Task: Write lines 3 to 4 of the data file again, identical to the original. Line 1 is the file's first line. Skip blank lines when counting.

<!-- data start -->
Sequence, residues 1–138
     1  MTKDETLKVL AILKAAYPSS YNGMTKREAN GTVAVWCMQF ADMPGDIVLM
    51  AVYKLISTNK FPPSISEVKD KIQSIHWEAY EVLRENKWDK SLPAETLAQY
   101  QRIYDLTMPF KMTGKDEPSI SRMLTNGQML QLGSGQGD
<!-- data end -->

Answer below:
    51  AVYKLISTNK FPPSISEVKD KIQSIHWEAY EVLRENKWDK SLPAETLAQY
   101  QRIYDLTMPF KMTGKDEPSI SRMLTNGQML QLGSGQGD